The ‘improvement projects’ are the highest cost projects for the top of the south (Te Tauihu) for the next 3 years and represent the highest priorities for the region. Other significant improvement projects ($2m and over) that have made the priority list from Marlborough are:

  • SH1 Inland Alternative Route Maruia to Renwick – to ensure speeds are safe and appropriate - total cost $5.1m – ranked number five;
  • SH6 Nelson to Blenheim – to ensure speeds are safe and appropriate - $2.2m – ranked number 10;
  • SH6 Blenheim to Nelson - safety interventions - $5m; ranked number 13
  • SH1 Blenheim to Seddon - safety management - $3m - ranked number 14

Weld Pass, included in the 2018 RLTP as a safety project due to the high crash rate and to improve the network performance particularly for freight, is presently on hold. “The RLTP states, however, that without these improvements, the freight route between the North Island and Christchurch is compromised. We will continue to push for this in the longer term,” said Clr Maher.

The majority of freight moved around Te Tauihu is by road. State Highway 1 from Picton south is a nationally significant freight route. Five million tonnes of freight with an estimated value of $20 billion crosses Cook Strait annually. More freight goes from north to south than south to north, reflecting the importance of the Cook Strait ferries to the South Island economy. Cook Strait freight is forecast to grow by 35% over the next 20 years.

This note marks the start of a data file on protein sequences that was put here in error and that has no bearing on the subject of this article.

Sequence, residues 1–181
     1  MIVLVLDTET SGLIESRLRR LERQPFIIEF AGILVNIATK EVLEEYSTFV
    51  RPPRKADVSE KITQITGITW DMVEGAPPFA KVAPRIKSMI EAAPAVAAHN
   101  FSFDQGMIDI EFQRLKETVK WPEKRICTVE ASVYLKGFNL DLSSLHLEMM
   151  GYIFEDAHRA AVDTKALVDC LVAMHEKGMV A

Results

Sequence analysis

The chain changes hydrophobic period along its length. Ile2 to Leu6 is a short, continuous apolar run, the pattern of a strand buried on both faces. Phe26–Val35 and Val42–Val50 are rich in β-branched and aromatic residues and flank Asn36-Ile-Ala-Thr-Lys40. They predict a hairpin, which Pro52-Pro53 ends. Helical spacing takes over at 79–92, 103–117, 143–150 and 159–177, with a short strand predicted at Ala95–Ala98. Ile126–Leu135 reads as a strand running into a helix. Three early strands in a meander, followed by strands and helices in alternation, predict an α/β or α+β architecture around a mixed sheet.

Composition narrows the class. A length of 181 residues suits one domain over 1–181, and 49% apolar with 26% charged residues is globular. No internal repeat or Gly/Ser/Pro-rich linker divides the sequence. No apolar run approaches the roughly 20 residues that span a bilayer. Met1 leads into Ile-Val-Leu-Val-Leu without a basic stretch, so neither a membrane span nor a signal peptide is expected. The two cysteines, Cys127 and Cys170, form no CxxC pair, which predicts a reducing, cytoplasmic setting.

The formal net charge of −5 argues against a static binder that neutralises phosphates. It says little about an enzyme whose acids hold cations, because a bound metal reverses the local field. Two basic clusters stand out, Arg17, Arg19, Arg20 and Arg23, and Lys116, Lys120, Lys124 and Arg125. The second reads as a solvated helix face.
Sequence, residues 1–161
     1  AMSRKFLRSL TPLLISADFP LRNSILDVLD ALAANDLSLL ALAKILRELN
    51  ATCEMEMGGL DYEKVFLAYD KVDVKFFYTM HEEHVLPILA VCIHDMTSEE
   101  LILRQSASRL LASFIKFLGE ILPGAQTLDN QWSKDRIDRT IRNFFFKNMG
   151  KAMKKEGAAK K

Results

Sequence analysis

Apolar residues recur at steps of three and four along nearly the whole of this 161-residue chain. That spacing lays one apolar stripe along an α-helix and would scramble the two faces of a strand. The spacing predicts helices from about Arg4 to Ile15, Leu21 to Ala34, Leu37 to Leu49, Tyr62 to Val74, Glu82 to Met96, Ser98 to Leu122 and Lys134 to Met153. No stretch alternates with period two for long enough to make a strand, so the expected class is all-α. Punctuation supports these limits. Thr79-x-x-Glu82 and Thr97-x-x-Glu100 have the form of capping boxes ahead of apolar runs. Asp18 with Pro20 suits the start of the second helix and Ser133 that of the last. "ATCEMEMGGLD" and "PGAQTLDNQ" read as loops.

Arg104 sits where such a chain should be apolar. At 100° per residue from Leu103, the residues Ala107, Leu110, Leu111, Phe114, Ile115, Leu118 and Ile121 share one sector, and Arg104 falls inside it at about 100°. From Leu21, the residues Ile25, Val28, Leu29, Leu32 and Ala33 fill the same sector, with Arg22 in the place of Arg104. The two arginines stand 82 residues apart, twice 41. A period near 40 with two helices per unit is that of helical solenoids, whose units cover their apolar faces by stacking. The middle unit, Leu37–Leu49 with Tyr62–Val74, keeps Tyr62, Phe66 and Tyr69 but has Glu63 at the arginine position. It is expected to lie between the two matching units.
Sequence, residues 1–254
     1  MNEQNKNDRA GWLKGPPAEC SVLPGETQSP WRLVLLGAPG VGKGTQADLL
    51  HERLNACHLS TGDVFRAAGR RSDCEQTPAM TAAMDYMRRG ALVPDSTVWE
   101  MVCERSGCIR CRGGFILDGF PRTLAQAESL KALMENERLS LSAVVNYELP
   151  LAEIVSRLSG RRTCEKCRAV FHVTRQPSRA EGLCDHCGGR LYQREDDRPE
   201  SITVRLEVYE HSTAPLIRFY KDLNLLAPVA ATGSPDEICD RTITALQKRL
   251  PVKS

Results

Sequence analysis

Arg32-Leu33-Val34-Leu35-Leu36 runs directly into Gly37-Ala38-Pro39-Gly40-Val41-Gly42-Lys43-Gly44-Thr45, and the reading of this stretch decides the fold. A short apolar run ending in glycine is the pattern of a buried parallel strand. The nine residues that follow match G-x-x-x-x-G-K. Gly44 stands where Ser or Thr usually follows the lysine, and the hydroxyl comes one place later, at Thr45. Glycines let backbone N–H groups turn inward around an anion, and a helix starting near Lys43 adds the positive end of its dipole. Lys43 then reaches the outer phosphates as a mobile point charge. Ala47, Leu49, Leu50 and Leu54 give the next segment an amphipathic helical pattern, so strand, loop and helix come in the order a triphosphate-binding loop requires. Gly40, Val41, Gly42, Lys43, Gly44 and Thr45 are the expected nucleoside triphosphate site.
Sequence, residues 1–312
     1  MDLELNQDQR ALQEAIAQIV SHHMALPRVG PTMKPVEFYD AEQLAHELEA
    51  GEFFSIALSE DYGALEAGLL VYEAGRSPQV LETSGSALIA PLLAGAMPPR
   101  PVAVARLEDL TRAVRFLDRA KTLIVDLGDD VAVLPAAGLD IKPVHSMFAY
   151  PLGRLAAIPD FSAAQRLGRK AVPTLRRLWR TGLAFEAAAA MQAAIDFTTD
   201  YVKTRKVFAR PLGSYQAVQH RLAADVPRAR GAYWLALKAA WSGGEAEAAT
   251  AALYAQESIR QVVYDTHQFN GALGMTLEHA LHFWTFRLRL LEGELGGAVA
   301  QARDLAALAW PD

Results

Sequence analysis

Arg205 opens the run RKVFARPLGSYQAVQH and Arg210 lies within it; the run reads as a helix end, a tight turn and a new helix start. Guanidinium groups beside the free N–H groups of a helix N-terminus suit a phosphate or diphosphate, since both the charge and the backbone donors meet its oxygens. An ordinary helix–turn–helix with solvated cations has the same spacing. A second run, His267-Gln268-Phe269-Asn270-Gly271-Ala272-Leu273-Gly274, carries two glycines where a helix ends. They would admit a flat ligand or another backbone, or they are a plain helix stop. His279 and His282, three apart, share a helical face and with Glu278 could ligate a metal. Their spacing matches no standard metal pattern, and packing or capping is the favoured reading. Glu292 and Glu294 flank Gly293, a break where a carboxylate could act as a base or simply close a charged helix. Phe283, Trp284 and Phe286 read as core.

Clr Maher said the RLTP recognised that Te Tauihu’s existing transport network may not be fit for purpose for the future. The RLTP identifies the key transport issues for the next 10 years as:

  • vehicle usage growth and its effects on access
  • safety on roads
  • the design of the transport system limiting those wanting to use more sustainable options
  • communities being susceptible to losing access in more frequent weather events
  • the effect of vehicles on the natural environment